Marot Fort is a historical fort located in the Cholistan Desert of Punjab, Pakistan. The fort was built during the reign of the Nawabs of Bahawalpur, in the late 18th century. Marot Fort is known for its unique architecture and strategic location, which made it an important military stronghold during its time.
Marot Fort Location
Qila Marot Fort is located in the Bahawalnagar District of Punjab, Pakistan, holds significance as it sits at the border between India and Pakistan. Situated approximately 50 km from Fort Abbas, 160 km from Bahawalnagar, and 100 km from Bahawalpur, Marot serves as a hub of economic and cultural activity in the region. With an estimated population of 20,000 inhabitants, the city contributes to the overall population of the district, which stands at around 280,000.
Marot Fort History
Marot Fort, once a symbol of ancient rulers’ splendor, has witnessed the passage of time, resulting in the disappearance of a major portion of the fort. Its foundations were laid by the Ruler of Chitto, and it existed during the time when the River Sarasvati flowed. The fort derived its name “Marot” from the Hindu god Marot, who belonged to the court of Indra and was associated with the god of windstorms. Notably, in 1960, India manufactured a jet plane named “Marot,” which adds an interesting connection.
The names Marot, Hakra, Ghaggra, and Pholra are derived from the Sanskrit language, further establishing their connection with ancient Indian history. Marot Fort was strategically built along the banks of the Hakra/Ghaggra River. Ancient texts described the fort’s magnificence and grandeur. During the reign of Sher Shah Suri, these forts underwent repairs as they were strategically located along the passage connecting Multan and Delhi. The fort gained more importance when Akbar, the Mughal emperor, sought shelter here after the death of Sher Shah Suri, and the Mughals reclaimed the throne.
Akbar’s stay at Marot Fort left its mark, with remnants of his presence still visible today. One such testament is the Mardan Majid, a mosque constructed by Akbar that still stands within the fort’s premises. An inscription on the mosque indicates that it was built by Jalaluddin Akbar in the year 926 Hijri (Islamic calendar). The construction of the mosque involved the use of kilns with specific dimensions, showcasing the craftsmanship of artisans from that era. Notably, the wooden doorways of the mosque feature embossed circular flower designs, adding to its artistic allure.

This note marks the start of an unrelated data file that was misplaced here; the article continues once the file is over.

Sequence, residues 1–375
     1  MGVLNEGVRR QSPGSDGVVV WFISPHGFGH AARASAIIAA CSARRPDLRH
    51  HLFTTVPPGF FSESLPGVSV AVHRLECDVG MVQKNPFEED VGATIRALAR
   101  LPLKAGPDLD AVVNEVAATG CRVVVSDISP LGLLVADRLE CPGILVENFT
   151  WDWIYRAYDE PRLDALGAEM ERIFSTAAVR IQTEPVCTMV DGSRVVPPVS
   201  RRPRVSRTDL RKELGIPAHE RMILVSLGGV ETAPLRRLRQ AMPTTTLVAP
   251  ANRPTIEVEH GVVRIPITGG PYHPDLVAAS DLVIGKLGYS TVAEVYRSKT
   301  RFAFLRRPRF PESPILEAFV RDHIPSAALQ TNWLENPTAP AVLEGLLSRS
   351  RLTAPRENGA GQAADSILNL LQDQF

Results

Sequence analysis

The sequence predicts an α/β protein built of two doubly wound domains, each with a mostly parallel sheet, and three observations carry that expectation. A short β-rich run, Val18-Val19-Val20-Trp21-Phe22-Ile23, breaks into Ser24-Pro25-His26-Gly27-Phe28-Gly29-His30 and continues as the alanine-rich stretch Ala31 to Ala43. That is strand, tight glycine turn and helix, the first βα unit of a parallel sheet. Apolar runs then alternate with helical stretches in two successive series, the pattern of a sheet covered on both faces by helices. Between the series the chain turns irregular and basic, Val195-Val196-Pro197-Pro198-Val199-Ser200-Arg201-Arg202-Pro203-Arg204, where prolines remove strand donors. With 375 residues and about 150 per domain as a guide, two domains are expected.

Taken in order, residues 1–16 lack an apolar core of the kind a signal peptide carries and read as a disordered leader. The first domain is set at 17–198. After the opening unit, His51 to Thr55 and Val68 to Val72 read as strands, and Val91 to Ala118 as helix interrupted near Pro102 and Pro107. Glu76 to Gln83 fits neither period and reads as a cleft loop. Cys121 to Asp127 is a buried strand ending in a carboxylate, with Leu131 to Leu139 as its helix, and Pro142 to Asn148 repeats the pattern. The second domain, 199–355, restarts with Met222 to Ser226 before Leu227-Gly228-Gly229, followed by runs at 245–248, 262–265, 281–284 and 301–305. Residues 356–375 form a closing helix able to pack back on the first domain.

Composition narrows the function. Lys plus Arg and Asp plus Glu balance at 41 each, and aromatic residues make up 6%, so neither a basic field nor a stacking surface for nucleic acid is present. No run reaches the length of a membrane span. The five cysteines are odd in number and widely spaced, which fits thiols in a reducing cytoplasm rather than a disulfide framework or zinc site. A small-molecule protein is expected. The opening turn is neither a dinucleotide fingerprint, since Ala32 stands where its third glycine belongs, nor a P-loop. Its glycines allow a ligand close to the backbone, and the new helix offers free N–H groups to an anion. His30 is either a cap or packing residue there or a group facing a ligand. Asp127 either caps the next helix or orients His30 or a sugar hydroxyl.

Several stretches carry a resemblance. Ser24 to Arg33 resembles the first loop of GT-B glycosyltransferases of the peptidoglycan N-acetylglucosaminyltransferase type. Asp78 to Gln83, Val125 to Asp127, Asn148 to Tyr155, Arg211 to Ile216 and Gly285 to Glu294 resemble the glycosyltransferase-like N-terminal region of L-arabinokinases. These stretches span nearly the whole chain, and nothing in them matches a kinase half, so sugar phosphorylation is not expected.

Although a significant portion of Marot Fort has disappeared over time, remnants such as the Mardan Majid mosque provide glimpses into the fort’s rich history and the presence of prominent historical figures like Akbar. These remnants stand as a testament to the architectural grandeur and cultural heritage of Marot Fort, connecting it with ancient Indian history and leaving visitors captivated by its splendor.
Marot Fort Architecture
The fort is constructed on a small hill, which offers a commanding view of the surrounding desert landscape. It was built using locally sourced materials, such as sandstone and mud, which were readily available in the desert region. The fort’s walls are nearly 20 feet high and are reinforced with bastions and turrets, providing ample protection to the occupants within.
The interior of the fort is equally impressive, with a maze of chambers, courtyards, and halls. The architecture of the fort is a blend of Mughal and Rajput styles, with intricate motifs and designs adorning the walls and ceilings of the fort.
The strategic location of the fort made it an important stopover for caravans traveling across the Cholistan desert. The fort was also an important center of trade and commerce, with goods such as spices, textiles, and precious metals passing through its gates.
City of Marot
Marot is known for its notable forts, including Marot Fort, Jaamgarh, Mojgarh, and Meergarh, which serve as a testament to the historical and architectural heritage of the area. These forts offer insights into the region’s past and attract visitors interested in exploring the rich history of the region.
The economy of Marot and its surrounding areas primarily revolves around agriculture, with a significant number of people engaged in farming. The major crops cultivated in the region include wheat, cotton, mustard, and sugar cane. Agriculture plays a vital role in sustaining the local economy and providing livelihoods for the residents.
In terms of language, the majority of the population in Marot speaks Punjabi and Urdu. These languages reflect the linguistic diversity and cultural fabric of the region, serving as a means of communication and preserving the local heritage.
Marot, with its strategic location, historical forts, agricultural significance, and linguistic diversity, contributes to the cultural and economic landscape of the Bahawalnagar District in Punjab.
Today, Marot Fort is a popular tourist destination for those interested in history and architecture.
In conclusion, Marot Fort is a remarkable example of the architectural and cultural heritage of Punjab, Pakistan. Its strategic location, unique architecture, and historical significance make it an important landmark of the Cholistan desert and a must-visit destination for history and architecture enthusiasts.